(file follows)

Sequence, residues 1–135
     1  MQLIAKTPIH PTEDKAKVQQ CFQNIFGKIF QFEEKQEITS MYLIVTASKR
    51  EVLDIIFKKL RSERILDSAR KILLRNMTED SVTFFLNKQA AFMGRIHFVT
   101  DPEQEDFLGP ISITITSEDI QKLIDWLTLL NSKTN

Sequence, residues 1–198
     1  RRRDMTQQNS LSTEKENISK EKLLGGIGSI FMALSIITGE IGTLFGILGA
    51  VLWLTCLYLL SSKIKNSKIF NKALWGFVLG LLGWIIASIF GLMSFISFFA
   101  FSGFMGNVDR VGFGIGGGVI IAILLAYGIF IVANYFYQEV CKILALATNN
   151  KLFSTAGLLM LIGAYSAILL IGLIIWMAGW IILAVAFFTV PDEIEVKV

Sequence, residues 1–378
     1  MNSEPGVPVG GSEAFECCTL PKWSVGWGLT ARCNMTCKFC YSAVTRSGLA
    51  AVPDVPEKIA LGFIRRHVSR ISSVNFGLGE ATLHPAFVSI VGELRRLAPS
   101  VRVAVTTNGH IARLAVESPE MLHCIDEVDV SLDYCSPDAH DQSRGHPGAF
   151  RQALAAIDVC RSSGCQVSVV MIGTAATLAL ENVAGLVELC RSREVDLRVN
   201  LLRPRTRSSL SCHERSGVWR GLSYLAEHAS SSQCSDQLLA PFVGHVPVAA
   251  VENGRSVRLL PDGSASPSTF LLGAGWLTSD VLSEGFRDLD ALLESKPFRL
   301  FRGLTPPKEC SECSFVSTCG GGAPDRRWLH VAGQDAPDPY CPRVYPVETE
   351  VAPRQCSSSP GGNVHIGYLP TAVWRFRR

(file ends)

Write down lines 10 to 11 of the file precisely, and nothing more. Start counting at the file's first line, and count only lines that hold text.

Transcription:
Sequence, residues 1–378
     1  MNSEPGVPVG GSEAFECCTL PKWSVGWGLT ARCNMTCKFC YSAVTRSGLA